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Alternatives to animal testing gaining ground

Researchers, regulators develop new systems for experiments

August 26, 2010|By Meredith Cohn, The Baltimore Sun

He points to a 2007 National Academy of Sciences report that outlined the limitations of animal testing and proposed a new focus on technology. The EPA, the National Institutes of Health's National Toxicology Program and Chemical Genomics Center, and recently the FDA signed on to fund and study non-animal testing.

For example, the government agencies are developing a computer system that could eventually be used by pharmaceutical companies to weed out harmful drugs by gauging their toxicity based on the toxicity of failed drugs. So far, the database has information on 10,000 drugs.

The EPA will soon begin using the computer program, called Tox21, to test other chemicals for their potential as cancer-causers or endocrine-disruptors, which mimic hormones and disrupt normal body functions, said Robert J. Kavlock, director of the EPA's National Center for Computational Toxicology.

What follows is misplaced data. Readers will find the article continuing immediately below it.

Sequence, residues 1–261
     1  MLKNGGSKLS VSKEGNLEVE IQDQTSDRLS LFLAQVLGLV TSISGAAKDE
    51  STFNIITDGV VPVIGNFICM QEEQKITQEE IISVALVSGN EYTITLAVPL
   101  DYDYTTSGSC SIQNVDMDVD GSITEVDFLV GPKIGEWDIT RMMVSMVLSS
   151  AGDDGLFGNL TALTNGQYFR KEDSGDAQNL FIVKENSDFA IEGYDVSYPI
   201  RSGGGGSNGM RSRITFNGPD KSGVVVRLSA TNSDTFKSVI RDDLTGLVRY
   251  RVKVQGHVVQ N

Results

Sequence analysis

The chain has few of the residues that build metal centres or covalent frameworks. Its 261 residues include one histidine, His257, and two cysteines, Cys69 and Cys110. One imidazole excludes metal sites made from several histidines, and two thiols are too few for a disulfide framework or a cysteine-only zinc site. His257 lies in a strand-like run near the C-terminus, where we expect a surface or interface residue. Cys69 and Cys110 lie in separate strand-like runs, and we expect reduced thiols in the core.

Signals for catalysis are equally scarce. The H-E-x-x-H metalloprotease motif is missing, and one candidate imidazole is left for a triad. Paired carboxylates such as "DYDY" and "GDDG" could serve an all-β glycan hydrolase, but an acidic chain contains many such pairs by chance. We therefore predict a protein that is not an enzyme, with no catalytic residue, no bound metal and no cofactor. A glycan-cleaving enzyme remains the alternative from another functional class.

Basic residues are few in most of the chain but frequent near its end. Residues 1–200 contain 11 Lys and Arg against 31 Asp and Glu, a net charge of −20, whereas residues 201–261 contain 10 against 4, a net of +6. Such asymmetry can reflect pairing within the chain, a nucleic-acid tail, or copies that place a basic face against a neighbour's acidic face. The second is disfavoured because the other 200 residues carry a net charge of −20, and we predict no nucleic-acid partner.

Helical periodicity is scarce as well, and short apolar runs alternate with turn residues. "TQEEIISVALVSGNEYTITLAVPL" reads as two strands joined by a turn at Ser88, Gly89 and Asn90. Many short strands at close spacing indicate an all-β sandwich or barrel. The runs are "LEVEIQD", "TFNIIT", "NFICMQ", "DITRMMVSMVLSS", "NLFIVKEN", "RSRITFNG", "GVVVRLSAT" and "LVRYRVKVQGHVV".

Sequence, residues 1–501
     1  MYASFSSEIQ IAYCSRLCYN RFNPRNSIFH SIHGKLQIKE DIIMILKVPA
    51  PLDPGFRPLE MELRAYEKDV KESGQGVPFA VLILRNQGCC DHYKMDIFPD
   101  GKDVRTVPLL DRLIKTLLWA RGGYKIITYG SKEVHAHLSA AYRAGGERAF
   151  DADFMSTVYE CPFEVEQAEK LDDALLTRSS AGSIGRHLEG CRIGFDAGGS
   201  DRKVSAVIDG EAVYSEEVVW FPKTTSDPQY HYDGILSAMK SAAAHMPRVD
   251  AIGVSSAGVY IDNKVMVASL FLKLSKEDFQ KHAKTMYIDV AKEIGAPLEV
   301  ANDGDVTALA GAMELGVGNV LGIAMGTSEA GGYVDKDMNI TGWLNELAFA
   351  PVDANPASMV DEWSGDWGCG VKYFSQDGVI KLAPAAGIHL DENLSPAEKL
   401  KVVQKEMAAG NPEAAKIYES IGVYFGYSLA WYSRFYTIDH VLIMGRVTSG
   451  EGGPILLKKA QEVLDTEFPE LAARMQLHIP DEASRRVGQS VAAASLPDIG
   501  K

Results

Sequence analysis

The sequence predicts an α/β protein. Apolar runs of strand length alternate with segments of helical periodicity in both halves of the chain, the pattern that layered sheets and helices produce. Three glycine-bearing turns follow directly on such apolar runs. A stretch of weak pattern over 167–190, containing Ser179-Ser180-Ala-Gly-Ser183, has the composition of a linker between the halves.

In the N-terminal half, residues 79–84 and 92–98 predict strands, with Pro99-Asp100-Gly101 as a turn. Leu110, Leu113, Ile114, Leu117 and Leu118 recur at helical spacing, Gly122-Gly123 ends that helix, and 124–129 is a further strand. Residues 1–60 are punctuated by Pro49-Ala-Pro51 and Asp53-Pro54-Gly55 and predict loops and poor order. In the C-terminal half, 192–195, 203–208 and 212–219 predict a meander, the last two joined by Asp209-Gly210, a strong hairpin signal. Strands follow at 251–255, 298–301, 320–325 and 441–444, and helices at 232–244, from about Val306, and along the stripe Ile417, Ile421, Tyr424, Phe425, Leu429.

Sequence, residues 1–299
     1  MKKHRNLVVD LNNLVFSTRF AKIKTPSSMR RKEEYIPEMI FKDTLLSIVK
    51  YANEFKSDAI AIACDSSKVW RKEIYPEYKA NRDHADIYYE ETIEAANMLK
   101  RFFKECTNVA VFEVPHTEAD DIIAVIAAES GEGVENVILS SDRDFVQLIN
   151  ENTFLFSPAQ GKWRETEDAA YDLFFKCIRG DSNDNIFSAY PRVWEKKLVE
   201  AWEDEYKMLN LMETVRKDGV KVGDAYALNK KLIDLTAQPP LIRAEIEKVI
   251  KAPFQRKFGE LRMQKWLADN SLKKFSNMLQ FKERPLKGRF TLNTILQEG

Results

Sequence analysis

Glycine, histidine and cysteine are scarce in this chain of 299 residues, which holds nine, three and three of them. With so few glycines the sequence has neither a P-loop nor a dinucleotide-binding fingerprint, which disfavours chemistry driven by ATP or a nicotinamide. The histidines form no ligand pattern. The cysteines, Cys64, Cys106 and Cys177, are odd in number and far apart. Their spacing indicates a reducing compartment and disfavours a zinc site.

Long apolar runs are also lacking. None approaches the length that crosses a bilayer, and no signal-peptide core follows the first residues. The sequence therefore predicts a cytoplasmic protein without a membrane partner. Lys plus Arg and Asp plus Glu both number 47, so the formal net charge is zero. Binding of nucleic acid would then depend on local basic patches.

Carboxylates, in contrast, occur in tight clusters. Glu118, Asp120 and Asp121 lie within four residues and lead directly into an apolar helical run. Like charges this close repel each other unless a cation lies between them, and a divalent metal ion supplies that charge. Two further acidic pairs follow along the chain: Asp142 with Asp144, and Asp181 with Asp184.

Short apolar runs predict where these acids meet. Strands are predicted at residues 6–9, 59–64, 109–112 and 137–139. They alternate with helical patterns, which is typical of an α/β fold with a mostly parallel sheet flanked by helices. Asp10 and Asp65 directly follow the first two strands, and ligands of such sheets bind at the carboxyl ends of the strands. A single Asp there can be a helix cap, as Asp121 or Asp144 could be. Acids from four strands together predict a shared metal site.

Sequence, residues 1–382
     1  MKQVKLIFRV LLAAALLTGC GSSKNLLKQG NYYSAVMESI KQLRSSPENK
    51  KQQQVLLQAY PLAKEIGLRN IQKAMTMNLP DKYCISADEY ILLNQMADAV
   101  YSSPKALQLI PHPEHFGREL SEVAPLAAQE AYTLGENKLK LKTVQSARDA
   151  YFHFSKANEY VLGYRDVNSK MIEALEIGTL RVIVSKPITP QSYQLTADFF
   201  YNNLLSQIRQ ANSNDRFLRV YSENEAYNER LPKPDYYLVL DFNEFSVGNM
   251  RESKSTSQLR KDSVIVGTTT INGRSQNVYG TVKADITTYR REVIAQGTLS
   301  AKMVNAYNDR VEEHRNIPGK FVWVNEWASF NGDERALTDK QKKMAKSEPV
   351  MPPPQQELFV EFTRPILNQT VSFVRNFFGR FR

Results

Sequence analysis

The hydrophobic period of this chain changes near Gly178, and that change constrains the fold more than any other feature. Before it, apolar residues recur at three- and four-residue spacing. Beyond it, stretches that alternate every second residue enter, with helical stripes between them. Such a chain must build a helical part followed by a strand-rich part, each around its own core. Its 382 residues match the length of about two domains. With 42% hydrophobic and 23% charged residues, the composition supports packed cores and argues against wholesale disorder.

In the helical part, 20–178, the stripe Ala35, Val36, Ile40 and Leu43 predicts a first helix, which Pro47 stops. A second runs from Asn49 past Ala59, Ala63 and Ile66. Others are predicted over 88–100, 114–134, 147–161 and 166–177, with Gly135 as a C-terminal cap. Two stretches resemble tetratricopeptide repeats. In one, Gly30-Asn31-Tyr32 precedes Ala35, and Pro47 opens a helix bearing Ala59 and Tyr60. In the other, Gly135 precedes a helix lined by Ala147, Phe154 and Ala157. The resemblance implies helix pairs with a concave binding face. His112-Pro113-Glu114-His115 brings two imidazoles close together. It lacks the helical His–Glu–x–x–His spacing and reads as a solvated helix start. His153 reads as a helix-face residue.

Once those with potential to cause disease are identified, they can jump to the head of the line for the normal course of testing. This could help clear the worst offenders from the backlog of untested chemicals already used in products.

Kavlock said pharmaceutical companies could also drop dangerous chemicals and drugs faster, before they get to human clinical trials, saving time and money. A chemical used in food production, for example, costs $6 million to $10 million to test. Computer tests would cost more like $20,000, he said.

This system could become the norm — and the law. Prioritizing chemicals for testing has been included in a bill making its way through Congress to revamp the Toxic Substances Control Act. The bill generally gives the EPA more authority to regulate existing and new chemicals.

Kavlock said if the computer modeling eventually proves reliable, and other high-tech means of testing drugs and chemicals continue to be developed, it will mean fewer or no animal tests.

"Now the gold standard is using animals," he said. "But there is a collective recognition that we need to do better than we're doing. ... We're working on the science. And we're getting people comfortable with it."



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